Rose hips have been used for centuries in traditional and folk medicine for their anti-inflammatory and pain-relieving properties.

They are the beautiful red, orange, maroon, or yellow seedpods that decorate rose bushes in fall and winter. Rosehips start out as tiny, green pea-like swellings just beneath the sepals that underlie rose petals. As the season progresses and rose seeds develop, the hips grow larger and more colorful.

The first rule in growing rosehips is this: resist the urge to deadhead.

Deadheading removes the very flowers whose ovaries become rosehips. You needn’t sacrifice flowers for hips, however, if you select varieties with long bloom times. Remove early blooms to promote additional flowers. Allow later flowers to remain on the plants and develop into hips.

rose hips
Rose Hips - Unsplash: Tobias Oetiker

The size, color and number of rosehips depend on the variety much as rose flowers do.

Old-fashioned rugosa roses are prized not just for their corrugated green leaves and plentiful flowers, they are also valued for their abundance of large rosehips. Rosa rugosa is native to northern China, Korea and Japan and is noted for having excellent disease resistance. It can make an impenetrable due to abundant sharp thorns or used in sandy soils for erosion control. One of the most beautiful varieties of this species is Rosa rugosa ‘Alba Plena’.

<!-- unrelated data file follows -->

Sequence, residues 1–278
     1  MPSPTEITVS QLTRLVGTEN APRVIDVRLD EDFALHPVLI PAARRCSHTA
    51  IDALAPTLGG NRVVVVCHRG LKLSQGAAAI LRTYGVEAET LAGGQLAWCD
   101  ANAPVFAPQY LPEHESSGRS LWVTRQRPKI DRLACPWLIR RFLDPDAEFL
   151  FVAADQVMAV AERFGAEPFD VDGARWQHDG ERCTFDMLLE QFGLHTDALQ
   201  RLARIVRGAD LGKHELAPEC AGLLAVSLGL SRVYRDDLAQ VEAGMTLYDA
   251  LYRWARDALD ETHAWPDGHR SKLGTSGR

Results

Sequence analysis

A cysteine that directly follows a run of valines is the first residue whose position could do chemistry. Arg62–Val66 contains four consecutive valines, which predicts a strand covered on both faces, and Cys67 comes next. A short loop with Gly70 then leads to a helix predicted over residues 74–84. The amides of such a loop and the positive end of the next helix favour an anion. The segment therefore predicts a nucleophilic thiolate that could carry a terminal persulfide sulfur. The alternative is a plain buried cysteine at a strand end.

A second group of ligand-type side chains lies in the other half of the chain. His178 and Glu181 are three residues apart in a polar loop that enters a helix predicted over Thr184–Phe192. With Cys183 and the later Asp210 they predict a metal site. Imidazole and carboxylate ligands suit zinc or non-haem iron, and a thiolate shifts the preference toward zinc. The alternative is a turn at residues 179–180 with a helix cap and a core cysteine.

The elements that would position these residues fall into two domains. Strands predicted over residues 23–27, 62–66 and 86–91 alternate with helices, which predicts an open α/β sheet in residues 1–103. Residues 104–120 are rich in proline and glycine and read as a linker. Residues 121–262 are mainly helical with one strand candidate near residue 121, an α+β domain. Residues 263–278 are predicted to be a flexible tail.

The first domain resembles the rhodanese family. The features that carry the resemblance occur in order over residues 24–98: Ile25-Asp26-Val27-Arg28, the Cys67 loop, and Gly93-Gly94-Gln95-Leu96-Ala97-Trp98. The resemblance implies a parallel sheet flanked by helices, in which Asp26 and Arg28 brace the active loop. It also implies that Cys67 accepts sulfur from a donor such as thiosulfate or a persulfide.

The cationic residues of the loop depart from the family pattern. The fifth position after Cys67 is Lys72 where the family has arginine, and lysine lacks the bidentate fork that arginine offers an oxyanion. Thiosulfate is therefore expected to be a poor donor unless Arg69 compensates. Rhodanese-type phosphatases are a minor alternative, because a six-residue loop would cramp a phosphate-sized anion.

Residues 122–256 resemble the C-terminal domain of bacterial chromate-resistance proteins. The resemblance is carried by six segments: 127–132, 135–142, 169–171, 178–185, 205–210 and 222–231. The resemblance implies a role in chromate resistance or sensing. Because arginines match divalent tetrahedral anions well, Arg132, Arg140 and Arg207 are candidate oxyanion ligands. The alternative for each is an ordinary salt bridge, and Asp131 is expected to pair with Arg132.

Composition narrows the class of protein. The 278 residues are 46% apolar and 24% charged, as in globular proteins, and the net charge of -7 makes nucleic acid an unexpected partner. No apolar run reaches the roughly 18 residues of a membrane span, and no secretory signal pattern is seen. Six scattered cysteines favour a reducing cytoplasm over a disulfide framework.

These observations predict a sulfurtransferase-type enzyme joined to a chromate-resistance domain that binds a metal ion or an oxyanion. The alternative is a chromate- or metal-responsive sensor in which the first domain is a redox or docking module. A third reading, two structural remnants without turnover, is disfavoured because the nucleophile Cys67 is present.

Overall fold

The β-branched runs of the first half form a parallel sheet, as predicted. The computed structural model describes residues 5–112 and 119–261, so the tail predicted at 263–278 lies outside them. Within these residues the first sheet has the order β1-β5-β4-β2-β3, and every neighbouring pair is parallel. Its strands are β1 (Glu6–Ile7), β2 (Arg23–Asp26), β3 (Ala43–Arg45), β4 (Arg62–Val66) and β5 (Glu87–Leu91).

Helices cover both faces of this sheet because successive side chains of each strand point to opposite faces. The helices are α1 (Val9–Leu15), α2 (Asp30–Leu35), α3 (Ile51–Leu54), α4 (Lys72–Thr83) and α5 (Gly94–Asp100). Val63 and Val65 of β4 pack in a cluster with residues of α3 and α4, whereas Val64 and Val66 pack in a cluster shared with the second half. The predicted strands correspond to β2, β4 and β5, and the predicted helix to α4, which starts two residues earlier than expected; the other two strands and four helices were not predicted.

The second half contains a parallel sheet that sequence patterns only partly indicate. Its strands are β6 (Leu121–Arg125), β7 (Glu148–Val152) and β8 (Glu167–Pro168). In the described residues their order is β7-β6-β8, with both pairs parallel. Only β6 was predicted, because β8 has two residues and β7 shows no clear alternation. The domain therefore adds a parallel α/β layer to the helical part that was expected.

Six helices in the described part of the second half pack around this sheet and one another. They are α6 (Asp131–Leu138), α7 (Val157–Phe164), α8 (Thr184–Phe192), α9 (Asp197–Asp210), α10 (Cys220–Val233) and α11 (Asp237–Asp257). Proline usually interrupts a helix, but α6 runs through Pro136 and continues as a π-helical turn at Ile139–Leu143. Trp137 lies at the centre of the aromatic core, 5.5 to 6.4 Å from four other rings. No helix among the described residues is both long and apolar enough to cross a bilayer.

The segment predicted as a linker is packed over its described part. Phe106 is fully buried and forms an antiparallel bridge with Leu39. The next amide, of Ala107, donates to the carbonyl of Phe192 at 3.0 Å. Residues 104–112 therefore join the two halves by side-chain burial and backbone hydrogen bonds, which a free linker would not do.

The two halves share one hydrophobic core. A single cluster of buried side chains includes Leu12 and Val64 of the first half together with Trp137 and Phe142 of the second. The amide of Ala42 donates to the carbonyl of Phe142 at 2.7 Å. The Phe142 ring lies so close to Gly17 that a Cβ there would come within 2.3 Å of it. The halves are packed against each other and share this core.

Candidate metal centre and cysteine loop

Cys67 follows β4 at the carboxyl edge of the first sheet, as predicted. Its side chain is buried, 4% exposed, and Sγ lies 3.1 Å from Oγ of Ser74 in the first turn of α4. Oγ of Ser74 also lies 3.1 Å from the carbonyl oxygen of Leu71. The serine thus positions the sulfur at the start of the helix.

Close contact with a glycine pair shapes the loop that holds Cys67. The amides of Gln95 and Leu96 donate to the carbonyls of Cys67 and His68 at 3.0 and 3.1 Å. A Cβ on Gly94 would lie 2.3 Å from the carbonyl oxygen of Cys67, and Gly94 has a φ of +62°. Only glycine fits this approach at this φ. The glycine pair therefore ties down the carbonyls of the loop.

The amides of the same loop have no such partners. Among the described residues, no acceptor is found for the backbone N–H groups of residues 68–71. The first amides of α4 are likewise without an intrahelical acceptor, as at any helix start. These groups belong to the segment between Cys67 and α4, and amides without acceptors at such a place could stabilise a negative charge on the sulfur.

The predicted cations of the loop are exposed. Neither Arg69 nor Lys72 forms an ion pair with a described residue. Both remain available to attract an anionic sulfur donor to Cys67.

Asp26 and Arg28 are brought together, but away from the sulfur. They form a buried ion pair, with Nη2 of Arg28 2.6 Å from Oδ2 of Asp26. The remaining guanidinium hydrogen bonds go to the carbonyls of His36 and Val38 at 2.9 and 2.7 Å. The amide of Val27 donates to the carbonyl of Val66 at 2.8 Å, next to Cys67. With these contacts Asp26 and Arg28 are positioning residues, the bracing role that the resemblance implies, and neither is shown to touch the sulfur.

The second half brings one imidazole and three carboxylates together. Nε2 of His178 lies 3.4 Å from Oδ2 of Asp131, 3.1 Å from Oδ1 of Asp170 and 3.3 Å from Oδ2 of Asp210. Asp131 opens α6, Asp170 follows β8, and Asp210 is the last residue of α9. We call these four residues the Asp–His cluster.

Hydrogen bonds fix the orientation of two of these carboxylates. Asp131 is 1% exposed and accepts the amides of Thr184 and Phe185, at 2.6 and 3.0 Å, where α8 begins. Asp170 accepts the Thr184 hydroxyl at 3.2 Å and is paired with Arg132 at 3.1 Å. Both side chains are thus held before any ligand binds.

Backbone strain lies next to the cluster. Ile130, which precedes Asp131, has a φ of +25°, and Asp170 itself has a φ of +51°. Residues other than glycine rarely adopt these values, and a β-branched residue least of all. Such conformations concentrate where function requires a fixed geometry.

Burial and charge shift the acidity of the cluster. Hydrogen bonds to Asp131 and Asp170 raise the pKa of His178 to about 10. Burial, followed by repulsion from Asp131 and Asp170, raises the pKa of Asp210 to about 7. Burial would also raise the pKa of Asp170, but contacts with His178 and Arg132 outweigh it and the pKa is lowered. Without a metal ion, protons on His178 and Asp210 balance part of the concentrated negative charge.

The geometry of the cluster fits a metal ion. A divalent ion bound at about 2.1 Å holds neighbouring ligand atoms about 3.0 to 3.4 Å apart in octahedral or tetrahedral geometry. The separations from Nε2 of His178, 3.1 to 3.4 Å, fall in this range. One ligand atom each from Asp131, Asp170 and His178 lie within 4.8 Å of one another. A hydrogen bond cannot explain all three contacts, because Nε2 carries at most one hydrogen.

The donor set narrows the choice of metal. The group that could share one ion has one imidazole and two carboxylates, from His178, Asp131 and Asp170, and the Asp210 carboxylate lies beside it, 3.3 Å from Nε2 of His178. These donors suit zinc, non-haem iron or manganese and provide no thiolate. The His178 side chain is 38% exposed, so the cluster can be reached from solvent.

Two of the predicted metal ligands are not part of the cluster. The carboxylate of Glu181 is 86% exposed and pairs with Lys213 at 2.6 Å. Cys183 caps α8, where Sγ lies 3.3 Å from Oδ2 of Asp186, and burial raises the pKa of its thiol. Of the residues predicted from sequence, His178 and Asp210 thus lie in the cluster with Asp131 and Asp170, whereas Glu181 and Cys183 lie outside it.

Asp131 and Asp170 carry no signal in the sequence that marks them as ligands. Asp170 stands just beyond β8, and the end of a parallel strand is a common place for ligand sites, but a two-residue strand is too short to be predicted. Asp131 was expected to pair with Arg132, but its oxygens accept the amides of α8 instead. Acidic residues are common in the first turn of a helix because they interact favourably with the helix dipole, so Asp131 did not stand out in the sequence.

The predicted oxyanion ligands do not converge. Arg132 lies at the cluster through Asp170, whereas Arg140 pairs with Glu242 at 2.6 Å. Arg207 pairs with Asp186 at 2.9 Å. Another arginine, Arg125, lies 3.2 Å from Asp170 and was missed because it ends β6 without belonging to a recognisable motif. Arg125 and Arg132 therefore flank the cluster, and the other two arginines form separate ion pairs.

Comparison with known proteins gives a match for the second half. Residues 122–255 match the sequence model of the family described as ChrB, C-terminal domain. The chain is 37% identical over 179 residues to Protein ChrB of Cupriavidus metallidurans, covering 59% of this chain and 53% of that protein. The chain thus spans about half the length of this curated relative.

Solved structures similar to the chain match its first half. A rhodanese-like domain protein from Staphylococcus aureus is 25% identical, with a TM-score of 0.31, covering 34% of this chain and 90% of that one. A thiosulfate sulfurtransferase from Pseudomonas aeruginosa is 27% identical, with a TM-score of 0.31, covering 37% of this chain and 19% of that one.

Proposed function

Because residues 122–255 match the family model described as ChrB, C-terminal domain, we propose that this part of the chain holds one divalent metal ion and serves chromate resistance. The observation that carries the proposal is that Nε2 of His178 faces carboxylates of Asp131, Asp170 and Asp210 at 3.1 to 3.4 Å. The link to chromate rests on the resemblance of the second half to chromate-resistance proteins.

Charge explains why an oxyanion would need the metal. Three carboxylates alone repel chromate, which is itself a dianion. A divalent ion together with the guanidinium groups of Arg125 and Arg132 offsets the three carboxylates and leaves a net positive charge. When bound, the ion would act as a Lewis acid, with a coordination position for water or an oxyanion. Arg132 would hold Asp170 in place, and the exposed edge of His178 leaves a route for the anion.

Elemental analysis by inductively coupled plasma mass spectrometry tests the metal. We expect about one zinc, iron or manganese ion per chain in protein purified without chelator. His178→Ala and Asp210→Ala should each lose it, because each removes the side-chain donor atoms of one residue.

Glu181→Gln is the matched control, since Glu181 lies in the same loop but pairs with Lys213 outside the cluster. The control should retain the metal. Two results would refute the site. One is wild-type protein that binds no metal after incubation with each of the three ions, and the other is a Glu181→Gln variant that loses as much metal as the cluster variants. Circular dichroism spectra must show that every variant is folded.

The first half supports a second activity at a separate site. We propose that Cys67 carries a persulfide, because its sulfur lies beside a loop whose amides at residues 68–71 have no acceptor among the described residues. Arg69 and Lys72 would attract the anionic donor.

Since modern hybrids are bred for bloom, they are not necessarily good hip choices.

If your tastes run to modern, however, many hybrid musks make handsome hips. Consider the repeat bloomer ‘Penelope’ with its creamy yellow and peach flowers and large, pink-to orange hips. ‘Kathleen’ makes huge clusters of pink blush flowers and as many large, orange hips. ‘Ballerina,’ another hybrid musk, has pink blooms with bright yellow stamens and oval, orange-red hips.

– by John Bagnasco